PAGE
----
The government has yet again made Hungary’s most popular Pfizer-BioNTech vaccine available for their mass vaccination campaign. Although this time the organization went smoothly, but in some places, especially in Budapest, many vaccination centers had quickly run out of stock, so people had to travel hundreds of kilometers to get the vaccine of their choice.
Last week, nearly 150,000 people in Hungary (mostly those who had already registered for a coronavirus vaccination by early March), received a text message informing them that they can now book an appointment for the Pfizer vaccine as well, alongside the other available Sinopharm, AstraZeneca, and Sputnik V.
The new Pfizer campaign started on Friday, May 14th and will conclude on Tuesday, May 18th.
The government stressed that only those who receive a text message could book an appointment and only those who actually book an appointment will receive the Pfizer vaccine at the hospital vaccination center of their choice.
Although the new campaign was well-organized, many still had to overcome serious problems to get their Covid shot.
Several readers of news site Telex reported that they could only book an appointment at a vaccination center hundreds of kilometers from their home when signing up for a Pfizer vaccine.
One Budapest resident could not even register for vaccination centers in Pest County, let alone within close proximity.
Another Budapest resident who registered for the vaccination in April, by the time a text message was received, could not book an appointment in Budapest because everything was booked for the following three days.
Some other people had to travel from the capital city as far as the town of Cegléd (80 km from Budapest) or Békés County to get the Pfizer vaccine.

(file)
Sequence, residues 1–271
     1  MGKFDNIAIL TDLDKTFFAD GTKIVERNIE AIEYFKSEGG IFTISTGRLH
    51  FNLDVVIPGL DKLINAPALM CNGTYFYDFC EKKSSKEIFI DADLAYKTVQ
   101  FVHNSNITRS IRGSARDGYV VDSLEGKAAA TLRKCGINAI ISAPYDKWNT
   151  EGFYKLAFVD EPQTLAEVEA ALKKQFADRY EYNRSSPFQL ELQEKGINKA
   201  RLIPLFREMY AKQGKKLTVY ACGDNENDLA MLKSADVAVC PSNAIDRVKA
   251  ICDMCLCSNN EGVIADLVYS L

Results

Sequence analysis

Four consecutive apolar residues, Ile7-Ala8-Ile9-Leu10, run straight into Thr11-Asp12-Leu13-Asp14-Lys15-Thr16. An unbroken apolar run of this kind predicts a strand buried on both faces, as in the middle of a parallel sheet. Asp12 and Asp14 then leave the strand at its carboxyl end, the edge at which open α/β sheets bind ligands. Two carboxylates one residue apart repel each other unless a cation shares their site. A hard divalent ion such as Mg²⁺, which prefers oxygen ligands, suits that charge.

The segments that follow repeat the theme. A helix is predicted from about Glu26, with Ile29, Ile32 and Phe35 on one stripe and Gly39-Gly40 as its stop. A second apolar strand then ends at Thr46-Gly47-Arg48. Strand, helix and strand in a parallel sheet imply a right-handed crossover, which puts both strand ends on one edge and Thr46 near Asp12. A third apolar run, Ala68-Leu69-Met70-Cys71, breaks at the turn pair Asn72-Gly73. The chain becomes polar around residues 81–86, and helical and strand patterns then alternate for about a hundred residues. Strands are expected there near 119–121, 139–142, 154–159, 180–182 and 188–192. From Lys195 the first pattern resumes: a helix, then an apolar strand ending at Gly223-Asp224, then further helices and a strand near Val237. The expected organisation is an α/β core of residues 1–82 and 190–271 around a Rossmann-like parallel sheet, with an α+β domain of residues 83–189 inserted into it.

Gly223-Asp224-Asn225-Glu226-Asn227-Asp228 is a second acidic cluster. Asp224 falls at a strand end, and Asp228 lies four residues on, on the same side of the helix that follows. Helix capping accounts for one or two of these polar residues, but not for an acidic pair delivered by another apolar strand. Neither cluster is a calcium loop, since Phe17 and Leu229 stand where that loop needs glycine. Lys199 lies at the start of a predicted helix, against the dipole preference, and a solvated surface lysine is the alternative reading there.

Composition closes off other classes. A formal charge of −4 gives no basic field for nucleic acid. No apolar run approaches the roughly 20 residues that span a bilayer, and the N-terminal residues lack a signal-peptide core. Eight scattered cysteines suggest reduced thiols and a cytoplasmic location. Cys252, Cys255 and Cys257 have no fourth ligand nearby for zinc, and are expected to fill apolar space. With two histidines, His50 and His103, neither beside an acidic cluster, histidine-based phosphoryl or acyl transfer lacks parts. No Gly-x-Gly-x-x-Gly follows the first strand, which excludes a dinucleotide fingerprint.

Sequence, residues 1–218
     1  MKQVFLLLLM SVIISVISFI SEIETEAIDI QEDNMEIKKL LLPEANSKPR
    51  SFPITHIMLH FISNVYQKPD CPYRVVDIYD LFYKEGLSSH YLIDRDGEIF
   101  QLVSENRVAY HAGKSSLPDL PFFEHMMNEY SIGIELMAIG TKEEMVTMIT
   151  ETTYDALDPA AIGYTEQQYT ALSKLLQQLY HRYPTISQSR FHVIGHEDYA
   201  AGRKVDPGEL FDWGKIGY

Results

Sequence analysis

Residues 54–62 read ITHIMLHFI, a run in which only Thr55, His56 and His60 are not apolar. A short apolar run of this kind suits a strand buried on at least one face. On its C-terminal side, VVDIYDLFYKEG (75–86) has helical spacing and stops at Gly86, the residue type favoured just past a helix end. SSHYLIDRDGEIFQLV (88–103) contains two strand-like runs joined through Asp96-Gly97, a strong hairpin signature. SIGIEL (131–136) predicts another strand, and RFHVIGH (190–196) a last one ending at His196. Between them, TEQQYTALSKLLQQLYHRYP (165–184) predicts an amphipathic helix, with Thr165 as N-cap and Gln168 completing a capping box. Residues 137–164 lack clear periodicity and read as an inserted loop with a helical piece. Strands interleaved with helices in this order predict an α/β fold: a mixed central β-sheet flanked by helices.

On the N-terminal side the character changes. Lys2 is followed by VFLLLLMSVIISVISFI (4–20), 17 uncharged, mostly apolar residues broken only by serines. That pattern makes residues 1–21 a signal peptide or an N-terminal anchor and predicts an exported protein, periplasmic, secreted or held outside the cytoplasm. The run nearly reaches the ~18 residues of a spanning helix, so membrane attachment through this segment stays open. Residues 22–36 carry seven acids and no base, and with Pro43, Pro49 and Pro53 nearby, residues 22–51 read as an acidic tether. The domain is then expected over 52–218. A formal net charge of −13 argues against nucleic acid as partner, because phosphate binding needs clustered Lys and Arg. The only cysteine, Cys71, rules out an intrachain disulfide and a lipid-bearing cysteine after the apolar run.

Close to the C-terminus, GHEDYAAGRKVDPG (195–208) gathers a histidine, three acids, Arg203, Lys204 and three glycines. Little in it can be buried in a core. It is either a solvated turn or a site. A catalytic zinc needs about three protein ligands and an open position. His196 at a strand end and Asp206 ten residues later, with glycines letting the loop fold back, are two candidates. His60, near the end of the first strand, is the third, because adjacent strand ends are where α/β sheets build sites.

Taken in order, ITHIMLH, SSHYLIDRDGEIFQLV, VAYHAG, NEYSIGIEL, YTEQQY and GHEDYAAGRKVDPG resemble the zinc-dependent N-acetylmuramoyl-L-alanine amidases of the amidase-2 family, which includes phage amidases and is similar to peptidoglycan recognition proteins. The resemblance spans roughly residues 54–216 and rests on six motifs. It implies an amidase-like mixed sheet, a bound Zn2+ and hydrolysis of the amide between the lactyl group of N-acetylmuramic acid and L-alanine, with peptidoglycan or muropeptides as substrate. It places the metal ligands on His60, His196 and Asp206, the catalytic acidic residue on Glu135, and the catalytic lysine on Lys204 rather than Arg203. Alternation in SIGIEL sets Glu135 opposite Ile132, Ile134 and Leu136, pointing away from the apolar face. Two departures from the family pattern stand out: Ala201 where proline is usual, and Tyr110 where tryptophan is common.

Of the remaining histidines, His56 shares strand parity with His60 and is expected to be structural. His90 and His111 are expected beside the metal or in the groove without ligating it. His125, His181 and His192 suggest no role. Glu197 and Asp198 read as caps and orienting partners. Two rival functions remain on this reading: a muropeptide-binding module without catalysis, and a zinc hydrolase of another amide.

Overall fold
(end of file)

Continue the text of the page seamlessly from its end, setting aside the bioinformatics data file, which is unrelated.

The news site also reported two siblings who received a text message on Saturday but were also unable to register for an appointment in Budapest. They found the earliest in Cegléd for Sunday afternoon. Their father, who received the text message later that day, could only secure an appointment for Wednesday in Gödöllő.
The last time the Pfizer vaccination campaign encountered difficulties was at the end of April, after the government announced that the vaccine would be accessible to anyone for only a day. The vaccine registry database was overwhelmed and crashed early in the morning, while Hungarians around the country, both registered and non-registered, ended up waiting in lines at vaccination centers hundreds of meters long.
Also, in early March the government canceled the previously announced AstraZeneca vaccinations for those with chronic illnesses due to what they referred to as “synchronization problems.” Despite this, many people still showed up to their clinics and were inoculated. Also, some people with chronic illness had to travel hundreds of kilometers from their homes to receive the vaccine.
Featured photo illustration by Zoltán Máthé/MTI